If you didn’t Instagram it, did it even happen at all? The millennial philosophers of our day would quickly ask. And the answer is – nope.
But curating a wanderlust-inspiring or hunger-inducing grid takes skill, and we could all probably use some tips from the pros. So we’ve teamed up with Instagram lifestyle influencer Melissa Celestine Koh, equipped her with the Honor 7C smartphone, and asked her to dish the deets on how she captures and curates her Instagram feed. Read below for six of her tried and true tips.
1. Composition tip: use the Rule of Thirds
Composition, in photography, is the placement or arrangement of visual elements within the photo. A useful guideline to keep in mind is the Rule of Thirds which will help you compose better shots.
Widely accepted as the golden rule of composition, the Rule of Thirds involves imagining that the image is divided into 9 equal parts by two vertical and two horizontal lines that divide the image into equal sections.
By aligning key elements of the photos to these lines – like your subject or the horizon – instead of positioning your subject in the center of the image, you’ll create more tension and interest in the image. Also, most smartphones have a grid setting that you can activate, so you don’t have to imagine the lines on your screen.
There are a hundred different guidelines for composition but my advice would be not to get too hung up on them. Great composition means framing your image in a fashion that draws attention to your subject while portraying your intended message. So keep this in mind the next time you take a photo.
2. It’s always better to under-expose instead of over-expose
Always remember that you can never salvage an over-exposed image even with the best post-editing apps or software. An image that is over-exposed has lost all the details and lowering the brightness later on won’t bring the details back.
It’s always safer to under-expose your shot a little by tapping on the brightest part of the image and letting your phone camera lock in the right exposure level before you snap away. You can always brighten the image with editing later on.
3. Use natural light to your advantage
Have you ever chanced upon the perfect photo backdrop, whipped out your phone, found your perfect framing and angle, expertly positioned your subject but still didn’t manage to get the shot to look amazing? Chances are the lighting wasn’t right.
Lighting can easily make or break a photo. So here are some useful guidelines you can follow to get sunlight working in your favour:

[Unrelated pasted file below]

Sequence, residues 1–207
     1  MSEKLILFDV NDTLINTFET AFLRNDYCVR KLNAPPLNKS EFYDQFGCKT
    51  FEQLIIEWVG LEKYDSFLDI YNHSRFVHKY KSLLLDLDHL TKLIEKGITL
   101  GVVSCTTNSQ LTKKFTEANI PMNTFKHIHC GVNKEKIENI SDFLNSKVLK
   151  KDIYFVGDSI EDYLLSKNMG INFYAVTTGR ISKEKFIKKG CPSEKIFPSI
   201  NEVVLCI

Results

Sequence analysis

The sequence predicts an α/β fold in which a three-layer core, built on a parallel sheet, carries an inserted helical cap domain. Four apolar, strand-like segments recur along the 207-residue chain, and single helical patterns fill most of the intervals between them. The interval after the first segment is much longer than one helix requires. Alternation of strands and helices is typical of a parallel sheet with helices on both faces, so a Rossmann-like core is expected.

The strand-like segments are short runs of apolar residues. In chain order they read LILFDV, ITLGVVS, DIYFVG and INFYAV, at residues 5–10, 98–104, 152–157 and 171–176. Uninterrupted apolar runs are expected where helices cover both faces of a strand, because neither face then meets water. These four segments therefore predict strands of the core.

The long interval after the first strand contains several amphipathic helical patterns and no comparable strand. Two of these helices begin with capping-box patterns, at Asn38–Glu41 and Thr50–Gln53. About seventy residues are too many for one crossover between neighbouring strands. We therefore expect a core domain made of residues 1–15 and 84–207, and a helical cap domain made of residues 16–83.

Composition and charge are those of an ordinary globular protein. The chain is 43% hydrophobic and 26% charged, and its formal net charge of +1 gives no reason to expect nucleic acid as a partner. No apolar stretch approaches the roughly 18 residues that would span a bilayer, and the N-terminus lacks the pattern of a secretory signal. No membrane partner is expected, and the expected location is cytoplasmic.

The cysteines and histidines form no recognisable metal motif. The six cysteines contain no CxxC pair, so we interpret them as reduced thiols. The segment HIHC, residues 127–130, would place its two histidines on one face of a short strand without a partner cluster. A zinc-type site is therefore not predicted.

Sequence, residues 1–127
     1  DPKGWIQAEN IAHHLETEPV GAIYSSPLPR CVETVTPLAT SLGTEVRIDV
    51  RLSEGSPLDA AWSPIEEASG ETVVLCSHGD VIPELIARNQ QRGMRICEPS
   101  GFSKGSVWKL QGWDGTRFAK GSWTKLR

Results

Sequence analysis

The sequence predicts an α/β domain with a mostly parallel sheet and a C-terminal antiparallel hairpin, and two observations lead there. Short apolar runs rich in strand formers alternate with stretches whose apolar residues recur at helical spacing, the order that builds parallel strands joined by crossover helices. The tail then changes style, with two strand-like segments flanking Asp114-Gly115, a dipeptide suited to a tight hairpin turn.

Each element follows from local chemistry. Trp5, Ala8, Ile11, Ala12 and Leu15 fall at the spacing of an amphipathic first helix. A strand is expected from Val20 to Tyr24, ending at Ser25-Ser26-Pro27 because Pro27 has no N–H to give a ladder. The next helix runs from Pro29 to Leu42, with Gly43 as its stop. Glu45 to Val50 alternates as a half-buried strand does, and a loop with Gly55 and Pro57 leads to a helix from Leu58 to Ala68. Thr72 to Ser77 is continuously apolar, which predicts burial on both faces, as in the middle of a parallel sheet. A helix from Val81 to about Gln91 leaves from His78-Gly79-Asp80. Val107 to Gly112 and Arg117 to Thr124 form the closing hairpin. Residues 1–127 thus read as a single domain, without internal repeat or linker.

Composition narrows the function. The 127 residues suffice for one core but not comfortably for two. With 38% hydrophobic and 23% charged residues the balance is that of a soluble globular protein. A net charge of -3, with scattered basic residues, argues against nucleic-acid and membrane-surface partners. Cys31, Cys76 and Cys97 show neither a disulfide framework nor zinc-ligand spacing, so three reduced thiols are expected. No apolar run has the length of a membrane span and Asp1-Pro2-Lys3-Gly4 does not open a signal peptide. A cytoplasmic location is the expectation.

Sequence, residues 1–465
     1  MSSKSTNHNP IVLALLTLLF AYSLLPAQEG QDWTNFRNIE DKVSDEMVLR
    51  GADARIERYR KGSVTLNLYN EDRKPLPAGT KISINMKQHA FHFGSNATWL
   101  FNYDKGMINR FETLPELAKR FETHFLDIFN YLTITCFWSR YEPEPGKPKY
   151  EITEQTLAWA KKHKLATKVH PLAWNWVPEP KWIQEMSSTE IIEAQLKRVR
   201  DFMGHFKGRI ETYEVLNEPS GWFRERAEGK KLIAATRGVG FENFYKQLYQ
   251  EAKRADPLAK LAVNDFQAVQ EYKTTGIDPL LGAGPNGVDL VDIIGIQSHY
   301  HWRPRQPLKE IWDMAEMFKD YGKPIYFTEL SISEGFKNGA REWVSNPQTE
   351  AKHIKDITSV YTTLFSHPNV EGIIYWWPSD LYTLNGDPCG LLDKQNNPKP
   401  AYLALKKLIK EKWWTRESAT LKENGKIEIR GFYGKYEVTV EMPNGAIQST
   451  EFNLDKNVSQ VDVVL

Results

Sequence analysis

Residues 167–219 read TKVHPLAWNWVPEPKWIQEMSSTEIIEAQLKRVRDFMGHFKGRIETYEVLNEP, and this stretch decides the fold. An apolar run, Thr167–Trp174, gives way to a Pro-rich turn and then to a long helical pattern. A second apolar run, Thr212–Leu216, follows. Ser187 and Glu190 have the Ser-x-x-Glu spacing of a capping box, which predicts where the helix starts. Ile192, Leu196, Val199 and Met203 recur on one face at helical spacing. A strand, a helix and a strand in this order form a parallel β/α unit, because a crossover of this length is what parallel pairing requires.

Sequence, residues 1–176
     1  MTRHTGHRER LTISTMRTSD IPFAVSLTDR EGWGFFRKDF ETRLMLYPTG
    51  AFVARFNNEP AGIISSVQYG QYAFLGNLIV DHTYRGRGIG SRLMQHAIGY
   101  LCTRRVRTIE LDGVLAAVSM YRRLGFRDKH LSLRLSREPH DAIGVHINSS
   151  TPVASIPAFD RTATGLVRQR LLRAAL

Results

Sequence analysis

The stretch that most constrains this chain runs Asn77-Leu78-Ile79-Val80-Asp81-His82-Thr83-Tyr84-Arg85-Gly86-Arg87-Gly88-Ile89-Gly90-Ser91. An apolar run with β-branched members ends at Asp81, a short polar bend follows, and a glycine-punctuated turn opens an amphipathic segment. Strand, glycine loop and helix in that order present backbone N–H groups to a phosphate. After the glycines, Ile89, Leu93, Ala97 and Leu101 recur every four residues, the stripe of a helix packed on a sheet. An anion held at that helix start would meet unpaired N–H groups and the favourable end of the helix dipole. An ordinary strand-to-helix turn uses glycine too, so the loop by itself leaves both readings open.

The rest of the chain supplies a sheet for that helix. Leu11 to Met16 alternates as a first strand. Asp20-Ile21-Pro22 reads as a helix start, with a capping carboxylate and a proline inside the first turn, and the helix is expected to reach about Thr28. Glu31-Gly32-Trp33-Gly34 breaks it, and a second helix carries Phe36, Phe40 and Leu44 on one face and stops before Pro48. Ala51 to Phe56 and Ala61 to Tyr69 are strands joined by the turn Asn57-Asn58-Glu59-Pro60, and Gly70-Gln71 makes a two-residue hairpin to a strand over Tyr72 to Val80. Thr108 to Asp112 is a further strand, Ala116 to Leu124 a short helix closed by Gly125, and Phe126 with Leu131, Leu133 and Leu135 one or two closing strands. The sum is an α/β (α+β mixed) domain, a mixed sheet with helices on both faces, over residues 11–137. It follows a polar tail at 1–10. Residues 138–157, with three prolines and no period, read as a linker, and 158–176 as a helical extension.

- When you’re taking a photo of a subject but the sunlight is way too harsh (i.e. bright), have your subject stand in the shade facing the light. You’ll find that your subject and the back drop are more evenly lit with no harsh shadows on the subject’s face.
- If you’re indoors, in a cafe for example, sit near a window where natural light is streaming in and as far away as possible from artificial lighting. Shadows are hard to shoot unless you have flash or external lighting.
- But also, learn to play with shadows. Shadows aren’t always the enemy. Learn to use them to mask certain aspects of your subject or to add contrast to your images.
4. Use an editing app to bring out the best in your photo
Once you’ve captured your image, you can take it to the next level with an editing app. There are a few great editing apps on the market but my favourites are Snapseed, where you can do spot editing and TouchRetouch, where you can remove unwanted objects by cloning the areas around it.
For beginners, focus on the basics such as exposure, saturations and contrast. Once you get the hang of things, you can explore other tools like grain, fade, shadows, highlights, and even the healing tool to remove unwanted distractions in the photos. Before you know it, you’ll be a real pro.
5. Explore macro-shots and capture the little details
From the amount of details they can capture (megapixels), to image depth (aperture), to their ability to capture in low light, mobile phone cameras have come such a long way.
Dive into the world of macro photography with close up shots of the minute details and you’ll add yet another dimension to your images.
6. Do it yourself (The Selfie)
The selfie might not be for everyone, but for those who embrace it, it is an excellent way to capture a more personal (pun-intended) image that effectively captures the emotion of the moment. It’s fuss free and a whole lot of fun!
And who says a self-portrait can’t look professionally taken, especially with the improvements to front cameras in mobile phones. I love the Honor’s selfie function, especially the beautifying effect as it makes me look good even on a bad day!